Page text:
• The elements in paragraph 1(a) of decision XXVI/9 including IPR issues in considering the feasibility and the ways of managing HFCs,
  • Flexibility in implementation that enables countries to set their own strategies and set their own priorities in sectors and technologies,
  • Exemption process and a mechanism for periodic review of alternatives including the consideration of availability or lack of availability of alternatives in all sectors in A5 countries and special needs for high ambient countries, based on all the elements listed in paragraph 1(a) of decision XXVI/9,
  • Relationship with the HCFC phase out,
  • Non-party trade provisions, and
  • Legal aspects, synergies and other issues related to the UNFCCC in the context of HFC management under the MP,
  • Then, the parties will discuss in the contact group the ways of managing HFCs including the amendment proposals submitted by the parties.

Annex II of the report of the 35th Open-ended Working Group meeting

Challenges to be addressed

  • Energy efficiency
  • Funding requirements
  • Safety of substitutes
  • Availability of technologies
  • Performance and challenges in high ambient temperatures
  • Second and third conversions
  • Capacity-building
  • Non-party trade provisions
  • Synergies with the United Nations Framework Convention on Climate Change (legal, financial aspects)
  • Relationship with the HCFC phase-out
  • Ecological effects (effects on fauna and flora)
  • Implications for human health
  • Social implications
  • National policy implications
  • Challenges to the production sector
  • Rates of penetration of new alternatives
  • Exemptions and ways to address lack of alternatives
  • Technology transfer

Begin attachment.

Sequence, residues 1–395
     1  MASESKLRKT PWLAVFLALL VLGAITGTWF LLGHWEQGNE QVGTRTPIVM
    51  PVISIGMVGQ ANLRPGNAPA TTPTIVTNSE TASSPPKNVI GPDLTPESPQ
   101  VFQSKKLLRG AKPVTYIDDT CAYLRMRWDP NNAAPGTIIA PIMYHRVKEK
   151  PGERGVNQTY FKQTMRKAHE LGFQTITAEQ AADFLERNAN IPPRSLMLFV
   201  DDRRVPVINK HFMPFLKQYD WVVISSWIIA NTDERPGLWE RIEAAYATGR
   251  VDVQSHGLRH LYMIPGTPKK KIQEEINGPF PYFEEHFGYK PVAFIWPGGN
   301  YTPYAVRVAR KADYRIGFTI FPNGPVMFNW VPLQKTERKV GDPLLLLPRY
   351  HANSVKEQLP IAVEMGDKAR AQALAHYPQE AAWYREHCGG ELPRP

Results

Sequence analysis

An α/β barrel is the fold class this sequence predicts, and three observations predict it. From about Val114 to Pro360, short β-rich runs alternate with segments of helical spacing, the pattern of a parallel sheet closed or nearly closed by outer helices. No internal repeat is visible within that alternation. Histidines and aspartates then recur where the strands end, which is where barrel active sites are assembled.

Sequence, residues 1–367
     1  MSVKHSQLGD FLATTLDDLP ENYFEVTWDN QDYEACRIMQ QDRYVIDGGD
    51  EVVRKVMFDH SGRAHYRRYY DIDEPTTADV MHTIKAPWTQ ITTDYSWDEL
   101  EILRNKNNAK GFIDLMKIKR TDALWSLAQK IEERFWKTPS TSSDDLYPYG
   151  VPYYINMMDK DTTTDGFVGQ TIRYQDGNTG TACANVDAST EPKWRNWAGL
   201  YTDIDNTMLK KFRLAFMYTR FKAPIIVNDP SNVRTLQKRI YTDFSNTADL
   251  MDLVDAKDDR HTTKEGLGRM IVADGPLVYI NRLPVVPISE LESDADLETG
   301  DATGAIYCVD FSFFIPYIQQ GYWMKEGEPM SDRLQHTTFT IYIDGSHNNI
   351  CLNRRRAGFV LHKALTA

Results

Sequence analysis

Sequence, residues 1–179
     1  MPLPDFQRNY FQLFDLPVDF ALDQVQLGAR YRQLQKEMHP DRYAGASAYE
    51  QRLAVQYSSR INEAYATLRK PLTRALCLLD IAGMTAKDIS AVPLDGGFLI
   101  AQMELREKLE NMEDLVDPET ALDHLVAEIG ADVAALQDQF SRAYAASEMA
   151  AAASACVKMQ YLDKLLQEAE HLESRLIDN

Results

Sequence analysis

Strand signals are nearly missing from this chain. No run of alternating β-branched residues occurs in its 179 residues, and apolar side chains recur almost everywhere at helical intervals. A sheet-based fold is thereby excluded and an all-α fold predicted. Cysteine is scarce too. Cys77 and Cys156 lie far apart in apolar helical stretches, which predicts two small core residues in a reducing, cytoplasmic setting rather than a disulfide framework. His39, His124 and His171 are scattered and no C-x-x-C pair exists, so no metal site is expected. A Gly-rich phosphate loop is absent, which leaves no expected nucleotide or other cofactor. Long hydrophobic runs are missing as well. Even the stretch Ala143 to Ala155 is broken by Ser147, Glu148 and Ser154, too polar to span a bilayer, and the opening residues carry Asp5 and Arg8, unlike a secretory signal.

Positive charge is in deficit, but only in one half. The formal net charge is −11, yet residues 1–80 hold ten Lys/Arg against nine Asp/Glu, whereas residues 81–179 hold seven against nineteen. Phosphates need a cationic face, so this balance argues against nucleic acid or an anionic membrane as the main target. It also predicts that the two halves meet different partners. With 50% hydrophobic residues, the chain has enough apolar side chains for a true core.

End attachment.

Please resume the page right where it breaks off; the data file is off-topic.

• Flexibility in implementation

Annex II to decision XXVII/1

Issues raised and discussed in detail as part of the challenges during the contact group will be further discussed, in a direction consistent with the record of the discussion.


Maintain the MLF as the financial mechanism and agree that additional financial resources will be provided by non A5 parties to offset costs arising out of HFC management for A5 parties if obligations are agreed to.


A5 parties will have flexibility to prioritize HFCs, define sectors, select technologies/alternatives, elaborate and implement their strategies to meet agreed HFC obligations, based on their specific needs and national circumstances, following a country driven approach.

The ExCom shall incorporate the principle in the above mentioned paragraph in relevant guidelines and its decision making process.

2nd and 3rd conversions

Enterprises that have already converted to HFCs in phasing out CFCs and/or HCFCs will be eligible to receive funding from the MLF to meet agreed incremental costs in the same manner as enterprises eligible for 1st conversions.

Guidance to the ExCom

It is understood that guidelines and/or methodologies will have to be developed on the following issues related to HFC control measures, if agreed:

  • Determination of incremental costs
  • Calculation of incremental costs
  • Cost effectiveness thresholds
  • Energy efficiency and climate impacts of projects

Enabling activities

Enabling activities will be supported by the MLF in any HFC phase down agreement.

  • Capacity building and training for handling HFC alternatives in the servicing sector, the manufacturing and production sectors
  • Institutional Strengthening
  • Article 4b Licensing
  • Reporting
  • Demonstration projects
  • Developing national strategies

HAT Exemption

The need for an exemption for high ambient temperature countries

It is understood that the remaining challenges will be further discussed.